Washington, D.C. – Prostate cancer is much more likely to be aggressive if a key protein called Stat5 is found activated and in abundance in the cancer cells, report researchers from Georgetown University's Lombardi Comprehensive Cancer Center. By inhibiting this protein, called Stat5, doctors are exploring how to develop a new treatment strategy for advanced prostate cancer.
The new findings, reported in the July 15th issue of the journal Cancer Research, show that active Stat5 protein is particularly plentiful in high histological grade human prostate cancer. High histological grade prostate cancers have often already metastasized by the time of diagnosis and are typically more aggressive in growth.
"Currently, there are only few treatment options available for advanced prostate cancer," said Marja Nevalainen, MD, PhD, assistant professor of oncology at Georgetown University Lombardi Comprehensive Cancer Center. "If we can find a way to stop Stat5 from turning on in prostate cancer cells, we may be able to devise a new strategy for treating this disease."
Previous studies by Nevalainen show that when the "telephone line" that sends signals to turn Stat5 on is blocked, human prostate cancer cells die. When the line remains open for communication, allowing Stat5 to send cellular signals, prostate cancer cells stay alive and thrive. Nevalainen's work is focused on finding ways to short-circuit the signals that turn on Stat5, thus killing prostate cells before they flourish.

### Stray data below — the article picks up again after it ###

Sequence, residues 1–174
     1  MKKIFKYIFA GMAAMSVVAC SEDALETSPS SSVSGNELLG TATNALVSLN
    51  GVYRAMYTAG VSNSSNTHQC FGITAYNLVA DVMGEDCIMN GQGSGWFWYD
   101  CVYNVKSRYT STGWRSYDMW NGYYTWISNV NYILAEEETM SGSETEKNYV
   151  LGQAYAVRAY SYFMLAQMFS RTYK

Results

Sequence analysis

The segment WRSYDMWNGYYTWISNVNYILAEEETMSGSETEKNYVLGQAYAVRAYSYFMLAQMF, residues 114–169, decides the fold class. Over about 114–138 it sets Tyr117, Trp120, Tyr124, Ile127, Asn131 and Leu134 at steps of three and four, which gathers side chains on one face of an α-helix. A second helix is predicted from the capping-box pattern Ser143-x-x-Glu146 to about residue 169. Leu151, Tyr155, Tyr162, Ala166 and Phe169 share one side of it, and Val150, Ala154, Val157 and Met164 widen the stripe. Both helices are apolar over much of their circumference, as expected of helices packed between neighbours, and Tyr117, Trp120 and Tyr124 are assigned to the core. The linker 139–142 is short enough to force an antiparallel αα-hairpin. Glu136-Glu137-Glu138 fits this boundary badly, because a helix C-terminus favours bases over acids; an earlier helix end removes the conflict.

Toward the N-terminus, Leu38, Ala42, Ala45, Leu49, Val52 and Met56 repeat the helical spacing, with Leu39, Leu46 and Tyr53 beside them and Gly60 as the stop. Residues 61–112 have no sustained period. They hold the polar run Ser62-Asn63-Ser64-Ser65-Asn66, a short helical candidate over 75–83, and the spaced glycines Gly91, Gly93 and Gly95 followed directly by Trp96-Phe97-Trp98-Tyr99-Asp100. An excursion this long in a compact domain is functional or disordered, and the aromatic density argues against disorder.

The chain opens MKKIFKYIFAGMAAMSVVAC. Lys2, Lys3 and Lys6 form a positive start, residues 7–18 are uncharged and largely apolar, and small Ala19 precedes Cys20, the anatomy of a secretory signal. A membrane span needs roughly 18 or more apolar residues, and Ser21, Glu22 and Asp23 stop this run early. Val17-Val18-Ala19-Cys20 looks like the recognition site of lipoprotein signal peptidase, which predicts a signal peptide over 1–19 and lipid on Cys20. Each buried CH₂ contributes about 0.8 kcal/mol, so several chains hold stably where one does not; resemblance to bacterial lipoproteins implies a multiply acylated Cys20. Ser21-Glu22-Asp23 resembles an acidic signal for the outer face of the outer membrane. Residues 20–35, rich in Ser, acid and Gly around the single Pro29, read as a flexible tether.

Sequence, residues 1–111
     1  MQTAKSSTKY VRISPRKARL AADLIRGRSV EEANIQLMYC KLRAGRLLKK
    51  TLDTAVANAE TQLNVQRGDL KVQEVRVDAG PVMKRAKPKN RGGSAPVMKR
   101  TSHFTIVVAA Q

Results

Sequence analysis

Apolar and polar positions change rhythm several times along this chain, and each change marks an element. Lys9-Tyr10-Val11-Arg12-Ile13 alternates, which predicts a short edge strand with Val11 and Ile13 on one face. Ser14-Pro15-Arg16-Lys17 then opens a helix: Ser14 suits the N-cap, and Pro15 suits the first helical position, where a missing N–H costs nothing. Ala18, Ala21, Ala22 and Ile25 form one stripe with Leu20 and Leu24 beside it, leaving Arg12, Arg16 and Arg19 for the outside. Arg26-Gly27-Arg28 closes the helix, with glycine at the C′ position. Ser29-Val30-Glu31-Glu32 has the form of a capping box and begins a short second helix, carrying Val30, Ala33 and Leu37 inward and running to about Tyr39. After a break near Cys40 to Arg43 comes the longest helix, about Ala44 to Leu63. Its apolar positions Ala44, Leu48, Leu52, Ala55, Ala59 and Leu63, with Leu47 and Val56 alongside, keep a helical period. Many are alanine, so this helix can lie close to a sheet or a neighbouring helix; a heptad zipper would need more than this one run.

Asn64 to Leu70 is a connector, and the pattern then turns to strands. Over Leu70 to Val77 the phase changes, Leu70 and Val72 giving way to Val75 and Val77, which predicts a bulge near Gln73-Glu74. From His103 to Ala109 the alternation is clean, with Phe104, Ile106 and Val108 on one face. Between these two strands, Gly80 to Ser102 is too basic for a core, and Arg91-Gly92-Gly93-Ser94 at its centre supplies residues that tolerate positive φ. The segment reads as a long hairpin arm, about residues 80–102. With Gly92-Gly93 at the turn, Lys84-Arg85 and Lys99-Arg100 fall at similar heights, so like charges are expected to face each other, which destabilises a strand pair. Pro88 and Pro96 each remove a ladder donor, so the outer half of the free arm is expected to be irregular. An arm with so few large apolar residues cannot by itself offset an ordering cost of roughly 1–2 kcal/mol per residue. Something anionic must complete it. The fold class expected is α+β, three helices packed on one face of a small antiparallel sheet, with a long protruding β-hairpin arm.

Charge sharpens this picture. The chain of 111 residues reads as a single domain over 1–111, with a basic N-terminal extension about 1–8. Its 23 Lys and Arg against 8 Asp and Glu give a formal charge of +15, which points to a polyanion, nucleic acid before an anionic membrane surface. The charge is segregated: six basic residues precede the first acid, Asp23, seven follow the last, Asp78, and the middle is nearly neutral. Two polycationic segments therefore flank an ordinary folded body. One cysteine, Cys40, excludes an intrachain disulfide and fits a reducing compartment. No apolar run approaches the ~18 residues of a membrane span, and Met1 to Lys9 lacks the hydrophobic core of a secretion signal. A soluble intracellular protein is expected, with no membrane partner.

In this study, human prostate cancer specimens, which are routinely collected during prostate cancer surgeries for analysis of the histological grade of each prostate cancer, were analyzed for activation of Stat5. Activation of Stat5 was then correlated statistically with the histological grade of each specimen.
Nevalainen sees dual possibilities for where the future of Stat 5 research may one day lead: development of potential treatments and identifying whether Stat5 could serve as an effective sign for diagnosing cancer. "We are in the process of determining whether activation of Stat5 in prostate cancer would serve as an effective prognostic biomarker. Development of additional diagnostics, beyond the PSA test, may help physicians on the frontlines of cancer detection."
Source: Eurekalert & othersLast reviewed: By John M. Grohol, Psy.D. on 21 Feb 2009
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